Million-dollar investment into incurable blood cancer announced as Light the Night launches this week
The Leukaemia Foundation will unveil a million-dollar investment into Strategic Ecosystem Research Partnership (SERP) grants which will use new state-of-the-art immunotherapy techniques, new drug design and molecular technology to understand the mechanisms of relapse and continue to drive rapid advancements in treatments for the incurable blood cancer, myeloma.
The new funding announcement comes as the Leukaemia Foundation opens registrations for this year’s Light the Night. More than 35,000 Australians affected by blood cancer will come together at Light the Night events across the country to support each other, shining a light on the impact of the disease in Australia.
Myeloma, also known as multiple myeloma, affects more than 140,000 people worldwide each year. Over 2000 Australians will be diagnosed with myeloma in 2019, and it accounts for 20% of all blood cancer related deaths.
In recent years, a large number of new drugs have been developed to treat myeloma, which has seen patients living longer without evidence of disease. Unfortunately, despite these improvements, essentially all myeloma patients will eventually stop responding to therapy and will experience relapse.
Leukaemia Foundation CEO Bill Petch said the Leukaemia Foundation was committed to changing these statistics.
“We are committed to helping to further improve treatments and survivability of myeloma and all blood cancers. With funds raised through events like Light the Night, we will continue to invest in the most innovative research projects with the strongest potential.”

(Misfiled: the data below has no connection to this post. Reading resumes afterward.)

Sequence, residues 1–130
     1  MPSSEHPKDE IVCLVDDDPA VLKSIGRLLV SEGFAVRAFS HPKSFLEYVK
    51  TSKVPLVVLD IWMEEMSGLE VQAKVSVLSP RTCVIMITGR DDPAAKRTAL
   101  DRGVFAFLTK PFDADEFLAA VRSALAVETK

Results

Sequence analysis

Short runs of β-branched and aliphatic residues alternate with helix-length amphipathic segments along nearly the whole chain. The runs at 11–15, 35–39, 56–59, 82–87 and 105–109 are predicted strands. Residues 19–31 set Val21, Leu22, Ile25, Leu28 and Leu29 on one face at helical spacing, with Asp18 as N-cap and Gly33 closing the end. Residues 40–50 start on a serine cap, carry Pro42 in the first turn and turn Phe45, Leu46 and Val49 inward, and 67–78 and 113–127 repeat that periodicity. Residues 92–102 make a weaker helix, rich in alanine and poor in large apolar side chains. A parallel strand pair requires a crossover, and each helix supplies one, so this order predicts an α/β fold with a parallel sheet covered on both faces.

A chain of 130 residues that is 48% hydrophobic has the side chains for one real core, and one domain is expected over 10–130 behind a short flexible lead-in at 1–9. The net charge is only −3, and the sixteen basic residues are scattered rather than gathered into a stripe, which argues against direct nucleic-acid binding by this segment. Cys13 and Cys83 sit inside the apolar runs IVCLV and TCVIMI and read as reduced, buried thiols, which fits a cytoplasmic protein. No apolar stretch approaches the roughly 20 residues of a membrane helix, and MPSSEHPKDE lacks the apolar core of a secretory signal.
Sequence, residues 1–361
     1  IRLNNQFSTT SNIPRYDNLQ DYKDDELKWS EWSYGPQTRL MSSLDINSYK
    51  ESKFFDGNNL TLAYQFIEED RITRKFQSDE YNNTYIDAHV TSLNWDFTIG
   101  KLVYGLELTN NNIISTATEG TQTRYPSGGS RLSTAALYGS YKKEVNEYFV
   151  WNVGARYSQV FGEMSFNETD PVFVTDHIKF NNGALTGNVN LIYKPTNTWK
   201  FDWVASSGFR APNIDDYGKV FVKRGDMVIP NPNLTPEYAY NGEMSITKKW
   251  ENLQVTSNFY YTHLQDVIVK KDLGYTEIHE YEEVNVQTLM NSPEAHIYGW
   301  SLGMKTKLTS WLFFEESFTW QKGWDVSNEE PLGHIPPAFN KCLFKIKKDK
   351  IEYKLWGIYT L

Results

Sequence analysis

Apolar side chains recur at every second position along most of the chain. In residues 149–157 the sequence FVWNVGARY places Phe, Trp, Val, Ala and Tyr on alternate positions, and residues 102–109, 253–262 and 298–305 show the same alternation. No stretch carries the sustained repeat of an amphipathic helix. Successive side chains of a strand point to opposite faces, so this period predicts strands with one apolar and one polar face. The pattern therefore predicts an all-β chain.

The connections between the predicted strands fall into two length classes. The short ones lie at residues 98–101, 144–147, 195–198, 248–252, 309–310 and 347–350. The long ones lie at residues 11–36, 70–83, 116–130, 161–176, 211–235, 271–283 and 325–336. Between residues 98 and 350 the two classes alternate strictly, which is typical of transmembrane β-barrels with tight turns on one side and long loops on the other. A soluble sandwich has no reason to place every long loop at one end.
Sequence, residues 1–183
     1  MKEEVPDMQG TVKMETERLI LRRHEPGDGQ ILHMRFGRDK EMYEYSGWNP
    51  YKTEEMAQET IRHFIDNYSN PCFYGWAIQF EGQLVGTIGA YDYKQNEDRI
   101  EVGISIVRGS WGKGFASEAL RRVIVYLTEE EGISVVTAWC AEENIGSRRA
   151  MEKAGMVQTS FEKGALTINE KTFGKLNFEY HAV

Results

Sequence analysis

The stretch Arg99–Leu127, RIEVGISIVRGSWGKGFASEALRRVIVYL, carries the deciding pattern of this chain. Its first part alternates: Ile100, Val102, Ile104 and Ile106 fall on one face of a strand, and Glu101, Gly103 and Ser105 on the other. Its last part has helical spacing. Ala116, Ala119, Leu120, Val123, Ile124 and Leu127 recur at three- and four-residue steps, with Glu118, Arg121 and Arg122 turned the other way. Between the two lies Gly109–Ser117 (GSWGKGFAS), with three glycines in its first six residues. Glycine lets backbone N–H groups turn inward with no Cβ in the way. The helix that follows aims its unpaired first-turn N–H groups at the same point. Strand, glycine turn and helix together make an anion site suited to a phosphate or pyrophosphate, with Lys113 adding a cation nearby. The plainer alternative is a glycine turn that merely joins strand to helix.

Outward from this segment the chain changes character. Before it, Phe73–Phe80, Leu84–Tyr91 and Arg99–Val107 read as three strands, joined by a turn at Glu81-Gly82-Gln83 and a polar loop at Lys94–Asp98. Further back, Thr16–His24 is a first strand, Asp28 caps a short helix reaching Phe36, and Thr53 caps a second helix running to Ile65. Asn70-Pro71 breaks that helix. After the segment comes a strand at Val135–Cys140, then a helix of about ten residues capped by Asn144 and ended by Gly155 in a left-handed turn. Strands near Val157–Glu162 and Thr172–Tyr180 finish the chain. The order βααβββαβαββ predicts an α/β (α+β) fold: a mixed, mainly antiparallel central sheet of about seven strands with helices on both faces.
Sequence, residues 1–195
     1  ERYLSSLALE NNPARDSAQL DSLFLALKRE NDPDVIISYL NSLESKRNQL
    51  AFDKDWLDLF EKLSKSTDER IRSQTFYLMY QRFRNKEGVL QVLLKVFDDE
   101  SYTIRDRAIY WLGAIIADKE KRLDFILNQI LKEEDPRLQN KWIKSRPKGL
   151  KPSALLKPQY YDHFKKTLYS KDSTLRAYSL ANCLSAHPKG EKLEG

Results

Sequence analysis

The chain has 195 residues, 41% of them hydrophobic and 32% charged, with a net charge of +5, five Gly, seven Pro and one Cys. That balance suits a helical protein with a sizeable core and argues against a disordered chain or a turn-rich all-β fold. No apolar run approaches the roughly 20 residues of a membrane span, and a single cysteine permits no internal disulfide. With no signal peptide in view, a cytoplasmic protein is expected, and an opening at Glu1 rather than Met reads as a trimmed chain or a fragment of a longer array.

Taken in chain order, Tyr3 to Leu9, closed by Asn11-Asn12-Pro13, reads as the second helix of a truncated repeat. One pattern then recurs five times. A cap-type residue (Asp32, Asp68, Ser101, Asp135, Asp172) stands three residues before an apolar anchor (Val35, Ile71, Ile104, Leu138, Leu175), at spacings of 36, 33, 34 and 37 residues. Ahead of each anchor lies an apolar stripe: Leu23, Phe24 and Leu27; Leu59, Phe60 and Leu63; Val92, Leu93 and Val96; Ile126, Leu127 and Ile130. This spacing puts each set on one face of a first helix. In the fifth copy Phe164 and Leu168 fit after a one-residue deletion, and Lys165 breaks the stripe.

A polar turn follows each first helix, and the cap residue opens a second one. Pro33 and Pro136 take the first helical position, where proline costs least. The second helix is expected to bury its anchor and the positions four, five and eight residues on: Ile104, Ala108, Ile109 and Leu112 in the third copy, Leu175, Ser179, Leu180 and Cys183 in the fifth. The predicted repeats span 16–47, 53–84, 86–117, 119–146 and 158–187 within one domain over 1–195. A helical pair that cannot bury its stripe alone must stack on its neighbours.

“Continued investment in these projects and these researchers is the key to ensure advancements are funded and are able to reach their full potential to improve the lives of people living with this disease, not just in Australia but across the world,” Mr Petch said.
Myeloma is a cancer of the plasma cells. Plasma cells are mature lymphocytes (a type of white blood cell) that help fight infection by producing special proteins known as antibodies or immunoglobulins. Immunoglobulins (Ig) are produced by plasma cells in response to bacteria, viruses and other harmful substances found in the body.
Myeloma develops when plasma cells undergo a cancerous or malignant change and become myeloma cells. These myeloma cells multiply without any proper order and accumulate in the bone marrow in different parts of the skeleton I.e. spine, skull, pelvis, ribcage.